Jul 23, 2021 - 10:43:56 AM

banjoy

USA

9795 posts since 7/1/2006

So is your new chainsaw also a Husqvarna? I've never owned one but have used them before, they seem like a very solid machine. Sad that yours died because of a failed spark plug. What a shame.

Edited by - banjoy on 07/23/2021 10:44:23

Jul 23, 2021 - 10:54:27 AM

10441 posts since 8/22/2006

I have never seen nor heard of a spark plug breaking like that. I’ve seen many a saw in the 71/2 years of working at the Poulan Plant building and tearing them apart. It’s One of those we didn’t see that one on the radar moment. It would be interesting to see the offending plus and see if the thing may have had a flaw in the manufacturing and if there were more plugs that had similar failures.

Jul 23, 2021 - 11:17:42 AM
likes this

heavy5

USA

1810 posts since 11/3/2016

A scored cyl &/or piston does not mean the end of a two stroke engine .
get a new set of rings , disassemble , & hone the cyl SLIGHTLY & see how it runs .
I've delt w/ many two strokes from racing go carts , dirt bikes , & Rotax engines flying ultralights for myself & others .
If the scoring is NOT too severe , they will run as good as before w/ this inexpensive restoration unless you have to hire some one to do this , but still it should be not that expensive & a lot less than a new saw . These engines function w/ so much quick dynamic reciprocation , they usually are not affected if re ringed & honed . If u were closer , I'd do it for u .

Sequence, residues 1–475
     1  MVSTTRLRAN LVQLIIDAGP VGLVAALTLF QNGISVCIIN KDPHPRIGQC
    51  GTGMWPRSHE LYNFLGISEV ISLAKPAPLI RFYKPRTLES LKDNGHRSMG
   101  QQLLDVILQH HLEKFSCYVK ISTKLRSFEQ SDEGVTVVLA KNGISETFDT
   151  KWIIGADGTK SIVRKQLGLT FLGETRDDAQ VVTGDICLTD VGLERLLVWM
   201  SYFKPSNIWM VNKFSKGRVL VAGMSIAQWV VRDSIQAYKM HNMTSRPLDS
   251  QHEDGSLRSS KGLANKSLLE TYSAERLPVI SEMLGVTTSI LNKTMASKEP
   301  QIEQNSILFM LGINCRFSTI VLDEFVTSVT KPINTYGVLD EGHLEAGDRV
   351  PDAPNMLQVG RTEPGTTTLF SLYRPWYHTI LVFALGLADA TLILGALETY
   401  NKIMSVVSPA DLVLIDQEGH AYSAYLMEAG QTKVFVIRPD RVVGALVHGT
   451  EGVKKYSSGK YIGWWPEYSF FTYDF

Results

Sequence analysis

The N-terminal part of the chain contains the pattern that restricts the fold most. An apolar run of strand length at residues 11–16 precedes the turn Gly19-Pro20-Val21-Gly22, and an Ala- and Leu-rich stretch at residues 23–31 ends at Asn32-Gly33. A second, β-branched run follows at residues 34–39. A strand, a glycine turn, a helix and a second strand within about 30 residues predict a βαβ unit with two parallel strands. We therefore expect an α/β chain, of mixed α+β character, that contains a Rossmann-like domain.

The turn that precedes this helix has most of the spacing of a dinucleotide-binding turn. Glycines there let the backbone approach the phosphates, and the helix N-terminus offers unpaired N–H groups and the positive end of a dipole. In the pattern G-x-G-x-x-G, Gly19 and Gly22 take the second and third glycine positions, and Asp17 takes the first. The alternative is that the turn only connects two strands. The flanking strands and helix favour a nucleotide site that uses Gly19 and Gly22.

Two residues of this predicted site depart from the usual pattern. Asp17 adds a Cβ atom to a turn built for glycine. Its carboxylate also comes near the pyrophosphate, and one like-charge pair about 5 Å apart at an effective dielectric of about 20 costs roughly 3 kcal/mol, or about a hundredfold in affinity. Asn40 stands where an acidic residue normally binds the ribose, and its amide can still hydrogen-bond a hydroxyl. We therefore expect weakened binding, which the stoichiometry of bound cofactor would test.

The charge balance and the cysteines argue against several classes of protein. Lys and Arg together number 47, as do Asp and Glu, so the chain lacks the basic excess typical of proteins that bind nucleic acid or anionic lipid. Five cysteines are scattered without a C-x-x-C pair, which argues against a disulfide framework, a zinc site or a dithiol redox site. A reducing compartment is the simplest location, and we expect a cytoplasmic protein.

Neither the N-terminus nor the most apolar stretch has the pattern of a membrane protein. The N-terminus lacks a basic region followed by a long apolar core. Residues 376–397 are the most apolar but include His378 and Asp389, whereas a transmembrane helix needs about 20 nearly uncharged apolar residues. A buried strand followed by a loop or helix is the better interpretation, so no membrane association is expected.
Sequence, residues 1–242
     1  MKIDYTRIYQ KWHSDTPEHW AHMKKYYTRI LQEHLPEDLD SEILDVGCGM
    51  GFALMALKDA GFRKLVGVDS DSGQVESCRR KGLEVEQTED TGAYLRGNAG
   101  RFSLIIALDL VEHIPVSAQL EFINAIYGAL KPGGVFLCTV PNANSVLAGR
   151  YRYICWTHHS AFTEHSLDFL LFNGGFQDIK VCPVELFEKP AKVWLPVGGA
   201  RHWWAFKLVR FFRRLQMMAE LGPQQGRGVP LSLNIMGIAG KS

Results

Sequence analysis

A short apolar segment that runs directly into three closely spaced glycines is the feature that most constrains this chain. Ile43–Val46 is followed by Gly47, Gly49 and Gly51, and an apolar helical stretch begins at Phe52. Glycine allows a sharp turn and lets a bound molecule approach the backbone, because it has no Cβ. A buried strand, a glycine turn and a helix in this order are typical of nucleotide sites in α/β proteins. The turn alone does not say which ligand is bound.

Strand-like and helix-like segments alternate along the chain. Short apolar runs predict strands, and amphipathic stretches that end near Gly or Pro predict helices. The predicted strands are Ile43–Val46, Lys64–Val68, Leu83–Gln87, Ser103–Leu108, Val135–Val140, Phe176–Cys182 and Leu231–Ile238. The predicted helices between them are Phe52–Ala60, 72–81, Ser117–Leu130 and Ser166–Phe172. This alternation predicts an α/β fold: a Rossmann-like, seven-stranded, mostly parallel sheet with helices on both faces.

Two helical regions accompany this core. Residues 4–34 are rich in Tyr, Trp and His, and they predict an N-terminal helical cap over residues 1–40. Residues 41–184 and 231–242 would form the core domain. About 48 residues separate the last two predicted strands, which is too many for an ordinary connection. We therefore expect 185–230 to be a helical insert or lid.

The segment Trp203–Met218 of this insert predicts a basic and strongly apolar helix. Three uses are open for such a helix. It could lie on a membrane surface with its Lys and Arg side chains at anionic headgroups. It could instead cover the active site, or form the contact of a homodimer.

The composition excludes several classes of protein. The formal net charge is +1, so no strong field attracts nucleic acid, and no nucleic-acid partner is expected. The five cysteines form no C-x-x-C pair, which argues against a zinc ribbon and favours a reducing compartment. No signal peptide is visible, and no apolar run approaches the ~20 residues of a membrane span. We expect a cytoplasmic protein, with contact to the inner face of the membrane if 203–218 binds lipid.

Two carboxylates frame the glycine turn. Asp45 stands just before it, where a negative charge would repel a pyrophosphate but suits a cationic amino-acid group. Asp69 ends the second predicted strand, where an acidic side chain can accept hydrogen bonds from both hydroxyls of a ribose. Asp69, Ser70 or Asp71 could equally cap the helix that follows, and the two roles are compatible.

Jul 23, 2021 - 11:19:12 AM
Players Union Member

DC5

USA

19795 posts since 6/30/2015

quote:
Originally posted by banjoy

So is your new chainsaw also a Husqvarna? I've never owned one but have used them before, they seem like a very solid machine. Sad that yours died because of a failed spark plug. What a shame.


Yes, this is my 3rd Husqvarna saw.  The last one didn't fail because of the saw, but because of the spark plug.

Jul 23, 2021 - 11:29:15 AM
Players Union Member

DC5

USA

19795 posts since 6/30/2015

quote: